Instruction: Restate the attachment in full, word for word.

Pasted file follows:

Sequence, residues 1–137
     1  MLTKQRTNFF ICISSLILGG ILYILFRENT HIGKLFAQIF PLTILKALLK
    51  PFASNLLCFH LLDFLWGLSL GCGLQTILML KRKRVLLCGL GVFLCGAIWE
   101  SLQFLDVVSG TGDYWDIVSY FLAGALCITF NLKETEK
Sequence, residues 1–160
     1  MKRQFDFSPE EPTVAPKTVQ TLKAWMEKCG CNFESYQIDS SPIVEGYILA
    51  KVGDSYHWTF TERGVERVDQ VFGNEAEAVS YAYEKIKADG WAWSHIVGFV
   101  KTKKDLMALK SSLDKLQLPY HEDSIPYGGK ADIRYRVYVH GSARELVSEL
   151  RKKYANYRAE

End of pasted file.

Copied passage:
Sequence, residues 1–137
     1  MLTKQRTNFF ICISSLILGG ILYILFRENT HIGKLFAQIF PLTILKALLK
    51  PFASNLLCFH LLDFLWGLSL GCGLQTILML KRKRVLLCGL GVFLCGAIWE
   101  SLQFLDVVSG TGDYWDIVSY FLAGALCITF NLKETEK
Sequence, residues 1–160
     1  MKRQFDFSPE EPTVAPKTVQ TLKAWMEKCG CNFESYQIDS SPIVEGYILA
    51  KVGDSYHWTF TERGVERVDQ VFGNEAEAVS YAYEKIKADG WAWSHIVGFV
   101  KTKKDLMALK SSLDKLQLPY HEDSIPYGGK ADIRYRVYVH GSARELVSEL
   151  RKKYANYRAE